Volkswagen has abandoned the railway to bring spare parts from Germany into its giant new UK distribution centre in the Midlands because it is too slow and too expensive.

Instead hundreds of trucks a year will ferry parts for VW, Audi, Skoda and SEAT across Europe and onto British roads.

The move is a big frustration for VW UK which had specifically built its state-of-the-art centre at Dordon at a railhead so it could use trains to ship the cargo.

The company consolidated five separate warehouses into the new facility to reduce costs and improve service to customers.

VW UK spokesman Paul Buckett, speaking at the Detroit show, said: "We deliberately built the distribution centre at a railhead but unfortunately we have discovered that moving things by rail is not as effective as we thought it would be.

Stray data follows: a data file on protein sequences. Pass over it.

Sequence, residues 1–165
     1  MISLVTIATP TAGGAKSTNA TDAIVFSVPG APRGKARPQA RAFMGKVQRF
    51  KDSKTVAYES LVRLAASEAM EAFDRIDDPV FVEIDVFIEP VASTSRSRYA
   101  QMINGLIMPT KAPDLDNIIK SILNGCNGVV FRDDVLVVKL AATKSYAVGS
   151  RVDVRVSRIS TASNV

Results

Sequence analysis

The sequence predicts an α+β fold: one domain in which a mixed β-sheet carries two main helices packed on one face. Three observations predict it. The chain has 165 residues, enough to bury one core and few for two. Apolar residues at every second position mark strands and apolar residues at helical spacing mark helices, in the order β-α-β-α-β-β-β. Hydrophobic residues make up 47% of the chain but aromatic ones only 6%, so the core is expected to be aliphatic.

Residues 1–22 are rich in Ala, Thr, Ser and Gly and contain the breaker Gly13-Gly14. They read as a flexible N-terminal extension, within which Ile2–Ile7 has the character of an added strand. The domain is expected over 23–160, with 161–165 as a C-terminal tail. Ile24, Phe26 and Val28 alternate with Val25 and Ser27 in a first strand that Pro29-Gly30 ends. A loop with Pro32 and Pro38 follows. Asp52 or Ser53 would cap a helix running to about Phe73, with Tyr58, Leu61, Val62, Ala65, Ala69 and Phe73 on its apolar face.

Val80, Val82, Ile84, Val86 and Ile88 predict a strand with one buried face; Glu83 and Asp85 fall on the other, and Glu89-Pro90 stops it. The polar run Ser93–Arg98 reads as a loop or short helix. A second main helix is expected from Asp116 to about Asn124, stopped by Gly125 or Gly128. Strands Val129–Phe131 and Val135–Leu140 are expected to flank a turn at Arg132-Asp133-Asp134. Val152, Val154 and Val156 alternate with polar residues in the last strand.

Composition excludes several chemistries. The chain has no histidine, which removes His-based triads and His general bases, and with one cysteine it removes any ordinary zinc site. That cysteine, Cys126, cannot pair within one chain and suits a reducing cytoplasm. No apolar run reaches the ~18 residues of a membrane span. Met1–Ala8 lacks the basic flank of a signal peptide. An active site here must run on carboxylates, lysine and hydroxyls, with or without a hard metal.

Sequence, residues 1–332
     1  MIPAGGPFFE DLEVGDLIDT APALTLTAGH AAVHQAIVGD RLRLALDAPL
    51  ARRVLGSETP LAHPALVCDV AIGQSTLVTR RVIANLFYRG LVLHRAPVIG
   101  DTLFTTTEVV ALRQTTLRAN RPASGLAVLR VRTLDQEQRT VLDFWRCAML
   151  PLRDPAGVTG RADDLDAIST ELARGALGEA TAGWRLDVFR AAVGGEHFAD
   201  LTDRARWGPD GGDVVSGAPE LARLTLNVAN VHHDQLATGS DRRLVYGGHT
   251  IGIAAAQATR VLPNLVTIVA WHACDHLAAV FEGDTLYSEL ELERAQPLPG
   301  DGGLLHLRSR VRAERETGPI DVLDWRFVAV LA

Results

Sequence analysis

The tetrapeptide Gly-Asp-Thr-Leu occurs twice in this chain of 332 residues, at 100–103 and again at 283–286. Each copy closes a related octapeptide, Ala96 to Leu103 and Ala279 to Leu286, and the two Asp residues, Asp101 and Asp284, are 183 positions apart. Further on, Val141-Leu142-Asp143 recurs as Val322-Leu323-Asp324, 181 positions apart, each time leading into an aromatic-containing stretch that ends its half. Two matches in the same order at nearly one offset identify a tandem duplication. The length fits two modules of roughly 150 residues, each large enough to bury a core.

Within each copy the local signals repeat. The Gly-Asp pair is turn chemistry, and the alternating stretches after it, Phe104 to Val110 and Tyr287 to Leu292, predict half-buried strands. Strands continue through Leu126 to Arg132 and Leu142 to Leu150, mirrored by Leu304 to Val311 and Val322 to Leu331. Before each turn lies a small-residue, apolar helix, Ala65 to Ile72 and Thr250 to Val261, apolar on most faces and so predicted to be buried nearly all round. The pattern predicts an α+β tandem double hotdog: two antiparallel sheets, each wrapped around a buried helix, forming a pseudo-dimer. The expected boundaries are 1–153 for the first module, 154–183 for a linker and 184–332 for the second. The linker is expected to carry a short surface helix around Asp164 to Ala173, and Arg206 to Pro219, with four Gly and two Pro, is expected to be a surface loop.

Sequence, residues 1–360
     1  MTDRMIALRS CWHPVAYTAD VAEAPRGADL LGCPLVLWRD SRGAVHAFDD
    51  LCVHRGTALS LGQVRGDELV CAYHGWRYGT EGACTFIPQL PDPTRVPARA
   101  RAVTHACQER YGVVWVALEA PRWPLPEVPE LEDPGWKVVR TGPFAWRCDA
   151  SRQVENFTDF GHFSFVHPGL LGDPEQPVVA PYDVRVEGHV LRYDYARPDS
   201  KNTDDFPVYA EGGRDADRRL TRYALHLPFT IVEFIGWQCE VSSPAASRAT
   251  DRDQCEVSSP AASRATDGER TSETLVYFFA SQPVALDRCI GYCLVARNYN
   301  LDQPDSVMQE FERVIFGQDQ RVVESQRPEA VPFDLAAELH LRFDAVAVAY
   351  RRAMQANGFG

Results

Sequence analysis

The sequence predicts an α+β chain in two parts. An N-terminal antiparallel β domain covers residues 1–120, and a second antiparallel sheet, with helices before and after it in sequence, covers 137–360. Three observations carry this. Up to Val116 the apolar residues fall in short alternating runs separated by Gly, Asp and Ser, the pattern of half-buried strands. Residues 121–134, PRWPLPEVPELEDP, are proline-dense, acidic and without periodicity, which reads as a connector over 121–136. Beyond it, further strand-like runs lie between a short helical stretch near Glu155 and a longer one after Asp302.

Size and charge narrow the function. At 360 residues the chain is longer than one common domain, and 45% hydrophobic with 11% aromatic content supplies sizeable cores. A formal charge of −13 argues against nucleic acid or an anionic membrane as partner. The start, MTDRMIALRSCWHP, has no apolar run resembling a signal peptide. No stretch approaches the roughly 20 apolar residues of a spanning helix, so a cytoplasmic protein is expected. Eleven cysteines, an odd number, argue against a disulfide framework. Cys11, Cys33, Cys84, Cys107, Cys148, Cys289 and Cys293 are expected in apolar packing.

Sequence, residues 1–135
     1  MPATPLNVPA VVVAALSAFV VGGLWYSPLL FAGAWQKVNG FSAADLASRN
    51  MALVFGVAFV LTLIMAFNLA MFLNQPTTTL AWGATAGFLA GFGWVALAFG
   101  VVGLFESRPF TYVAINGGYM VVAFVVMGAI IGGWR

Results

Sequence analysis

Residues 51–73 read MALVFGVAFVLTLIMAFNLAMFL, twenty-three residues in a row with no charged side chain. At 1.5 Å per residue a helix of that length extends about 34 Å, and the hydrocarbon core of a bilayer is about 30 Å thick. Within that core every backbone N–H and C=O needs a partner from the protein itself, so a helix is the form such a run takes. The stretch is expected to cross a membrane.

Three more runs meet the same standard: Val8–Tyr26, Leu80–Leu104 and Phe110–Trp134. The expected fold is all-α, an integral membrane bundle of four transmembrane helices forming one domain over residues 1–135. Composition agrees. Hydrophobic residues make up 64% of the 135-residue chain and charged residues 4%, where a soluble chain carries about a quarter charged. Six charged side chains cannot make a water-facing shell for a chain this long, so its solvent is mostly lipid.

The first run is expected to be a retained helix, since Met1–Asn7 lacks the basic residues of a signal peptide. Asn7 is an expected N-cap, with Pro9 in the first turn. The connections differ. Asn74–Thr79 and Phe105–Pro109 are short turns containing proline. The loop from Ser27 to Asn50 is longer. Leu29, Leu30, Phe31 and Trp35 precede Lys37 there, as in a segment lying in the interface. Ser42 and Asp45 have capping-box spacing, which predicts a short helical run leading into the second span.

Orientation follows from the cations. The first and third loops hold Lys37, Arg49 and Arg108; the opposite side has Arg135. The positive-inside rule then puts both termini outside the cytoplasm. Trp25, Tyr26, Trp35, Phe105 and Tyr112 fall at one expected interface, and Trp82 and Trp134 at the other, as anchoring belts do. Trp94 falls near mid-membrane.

"Service parts move very quickly and we cannot afford to have them left on trains for days on end. It is also cheaper to move them by road."

He added that it was taking up to five days to move parts across the continent by rail while it can be done in half that time by trucks which also save around GBP3m a year in costs.

He added: "Moving cargo across three rail systems through Germany, France and England did not prove to be as effective as we had hoped."